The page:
NSF Pumps $1 Million into NY Schools Sustainable Energy Pilot Program
September 05, 2012 | posted by The Institute
By Mike Hohenbrink
New York City Public Schools is receiving more than $1 million in funding to support a pilot program on sustainable energy designed to draw students into STEM-related fields of study.
The National Science Foundation has awarded $1.08 million to Solar One, a non-profit based in New York City that promotes green energy in education, and MOUSE, a national, non-profit organization that works with underserved youth to promote the use and study of technology, for implementation of the GreenTECH pilot program that will be put into place in the school system.
The three-year pilot program seeks to have students find ways to have their schools "go green," while teaching skills related to STEM as students are asked to identify areas where environmentally-friendly improvements could be made and to suggest just how these changes could be undertaken.
GreenTECH will utilize two existing programs, including a version of Solar One's Green Design Lab curriculum that involves STEM skills and environmental literacy and MOUSE Squad, a program that involves students managing a technical support desk at their schools.
With the pilot program, students will have the option of performing tasks such as undertaking a building energy audit, implementing water conservation, and designing a garden on their school's roof.
A new MOUSE Squad Specialist Badge will be offered on a starter certification basis, and squads will provide technical support for the pilot program's efforts.
Implementation will begin in October 2012.
Schools that have been identified as taking part include:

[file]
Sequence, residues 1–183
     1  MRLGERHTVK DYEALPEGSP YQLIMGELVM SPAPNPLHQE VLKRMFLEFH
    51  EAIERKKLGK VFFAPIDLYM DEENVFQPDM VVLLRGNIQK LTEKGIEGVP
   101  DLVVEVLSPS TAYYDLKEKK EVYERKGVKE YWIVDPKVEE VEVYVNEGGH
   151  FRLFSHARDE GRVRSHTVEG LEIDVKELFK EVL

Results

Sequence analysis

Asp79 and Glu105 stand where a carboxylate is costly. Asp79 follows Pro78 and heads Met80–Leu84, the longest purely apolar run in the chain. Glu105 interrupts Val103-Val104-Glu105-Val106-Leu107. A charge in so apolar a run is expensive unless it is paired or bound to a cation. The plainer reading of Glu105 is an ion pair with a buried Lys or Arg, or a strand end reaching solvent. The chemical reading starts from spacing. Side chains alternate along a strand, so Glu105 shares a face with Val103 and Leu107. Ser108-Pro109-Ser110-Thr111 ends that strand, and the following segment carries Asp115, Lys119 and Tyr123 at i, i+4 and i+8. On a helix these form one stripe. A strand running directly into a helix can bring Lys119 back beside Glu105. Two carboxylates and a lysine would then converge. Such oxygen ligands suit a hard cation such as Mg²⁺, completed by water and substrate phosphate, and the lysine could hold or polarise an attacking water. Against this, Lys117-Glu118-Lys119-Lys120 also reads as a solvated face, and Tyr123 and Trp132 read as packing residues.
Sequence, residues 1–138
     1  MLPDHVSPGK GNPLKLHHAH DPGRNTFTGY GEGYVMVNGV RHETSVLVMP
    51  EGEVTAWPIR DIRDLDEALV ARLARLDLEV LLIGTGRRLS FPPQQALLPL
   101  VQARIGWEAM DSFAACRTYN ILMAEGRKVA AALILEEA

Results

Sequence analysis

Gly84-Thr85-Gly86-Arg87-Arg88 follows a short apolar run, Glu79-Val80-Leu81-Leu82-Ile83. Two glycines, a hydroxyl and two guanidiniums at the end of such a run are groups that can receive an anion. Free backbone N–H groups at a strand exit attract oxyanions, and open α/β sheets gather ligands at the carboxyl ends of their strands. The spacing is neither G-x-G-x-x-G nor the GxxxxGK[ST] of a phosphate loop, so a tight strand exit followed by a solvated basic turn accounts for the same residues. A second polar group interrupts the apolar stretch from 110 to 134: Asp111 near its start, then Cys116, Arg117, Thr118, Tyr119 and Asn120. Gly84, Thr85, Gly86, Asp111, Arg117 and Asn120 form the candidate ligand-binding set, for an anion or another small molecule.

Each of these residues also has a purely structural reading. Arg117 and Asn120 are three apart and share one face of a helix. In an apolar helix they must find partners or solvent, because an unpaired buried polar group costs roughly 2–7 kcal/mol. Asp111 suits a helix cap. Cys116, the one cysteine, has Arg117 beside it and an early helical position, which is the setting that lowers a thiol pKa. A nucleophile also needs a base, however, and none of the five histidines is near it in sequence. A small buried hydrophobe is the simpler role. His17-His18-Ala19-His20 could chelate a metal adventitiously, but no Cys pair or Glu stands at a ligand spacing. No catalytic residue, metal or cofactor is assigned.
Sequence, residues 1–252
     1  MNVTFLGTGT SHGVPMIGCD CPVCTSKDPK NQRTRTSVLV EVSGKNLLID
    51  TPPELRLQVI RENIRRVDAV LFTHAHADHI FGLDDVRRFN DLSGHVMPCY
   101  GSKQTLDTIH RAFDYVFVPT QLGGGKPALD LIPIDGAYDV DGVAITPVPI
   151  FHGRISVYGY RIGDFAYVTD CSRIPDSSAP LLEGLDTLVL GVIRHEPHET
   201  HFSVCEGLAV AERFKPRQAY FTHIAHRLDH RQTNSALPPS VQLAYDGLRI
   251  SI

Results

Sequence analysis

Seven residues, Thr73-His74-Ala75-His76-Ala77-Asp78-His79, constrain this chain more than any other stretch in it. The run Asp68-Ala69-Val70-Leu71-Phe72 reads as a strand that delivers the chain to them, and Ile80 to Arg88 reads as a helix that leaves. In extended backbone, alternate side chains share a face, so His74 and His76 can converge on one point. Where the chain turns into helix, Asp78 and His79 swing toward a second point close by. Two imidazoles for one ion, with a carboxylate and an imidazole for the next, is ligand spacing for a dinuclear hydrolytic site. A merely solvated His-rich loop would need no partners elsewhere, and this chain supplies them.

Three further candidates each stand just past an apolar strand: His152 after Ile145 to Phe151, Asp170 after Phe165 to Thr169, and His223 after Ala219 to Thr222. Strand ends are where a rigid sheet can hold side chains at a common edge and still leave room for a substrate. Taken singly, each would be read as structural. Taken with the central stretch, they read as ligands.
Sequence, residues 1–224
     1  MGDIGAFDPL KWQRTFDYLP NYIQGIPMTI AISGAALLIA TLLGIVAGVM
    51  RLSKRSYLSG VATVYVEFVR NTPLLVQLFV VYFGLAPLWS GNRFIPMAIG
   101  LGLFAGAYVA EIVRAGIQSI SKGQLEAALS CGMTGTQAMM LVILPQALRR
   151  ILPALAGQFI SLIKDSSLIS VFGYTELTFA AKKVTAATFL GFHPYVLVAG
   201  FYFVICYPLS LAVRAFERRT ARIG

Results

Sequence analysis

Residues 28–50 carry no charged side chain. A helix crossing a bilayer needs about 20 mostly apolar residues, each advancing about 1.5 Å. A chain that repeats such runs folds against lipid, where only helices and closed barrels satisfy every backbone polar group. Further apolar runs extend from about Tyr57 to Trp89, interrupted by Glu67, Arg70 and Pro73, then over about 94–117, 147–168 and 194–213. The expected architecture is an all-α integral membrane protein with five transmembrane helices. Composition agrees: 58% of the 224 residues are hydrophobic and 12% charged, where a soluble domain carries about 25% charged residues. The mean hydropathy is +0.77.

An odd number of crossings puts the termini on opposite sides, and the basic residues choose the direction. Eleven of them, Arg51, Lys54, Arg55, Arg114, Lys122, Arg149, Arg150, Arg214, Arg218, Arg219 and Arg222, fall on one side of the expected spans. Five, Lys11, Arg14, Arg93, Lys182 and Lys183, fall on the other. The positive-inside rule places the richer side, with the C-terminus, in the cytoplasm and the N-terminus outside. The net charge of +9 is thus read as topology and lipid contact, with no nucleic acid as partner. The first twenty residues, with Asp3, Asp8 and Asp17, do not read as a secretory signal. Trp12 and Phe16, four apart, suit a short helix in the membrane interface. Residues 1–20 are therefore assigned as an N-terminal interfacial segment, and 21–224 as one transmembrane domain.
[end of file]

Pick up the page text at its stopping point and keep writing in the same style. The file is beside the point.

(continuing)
- Philip Randolph High School, Manhattan;
- Bronx Design and Construction Academy; and
- Urban Assembly Institute for Math & Science for Young Women, Brooklyn.
Approximately 675 students and 30 teachers, as well as six custodians, will be involved in the pilot program with a long-term goal of establishing a model that could someday be used in schools throughout the country.
"The National Science Foundation's vote of confidence means a great deal to us, especially since it has such a highly competitive and scientifically rigorous funding process, and we are delighted to partner with MOUSE," said Chris Collins, executive director of Solar One. "The goal of GreenTECH is to blend our new Green Design Lab curriculum, which teaches students about things like the science of energy or building performance, with the incredible empowerment and computer literacy MOUSE give to students. Students will learn they can solve the environmental issues in their schools and neighborhoods, and come to believe that science and technology is really cool, and say--hey, I'd like to do that, I'd like to become a scientist or engineer who improves the environment," he said.
"This is a critical time to prepare young people to lead innovation in their world and play a vital role in building a sustainable future," said Linda Roberts, Member, MOUSE board of directors, and Visiting Scholar, American Association for the Advancement of Science.
In addition to Solar One and MOUSE and the New York City Department of Education, the pilot effort will also involve partnership with the Wallenstein Collaborative for Urban Environmental Education at New York University and Gaylen Moore Associates.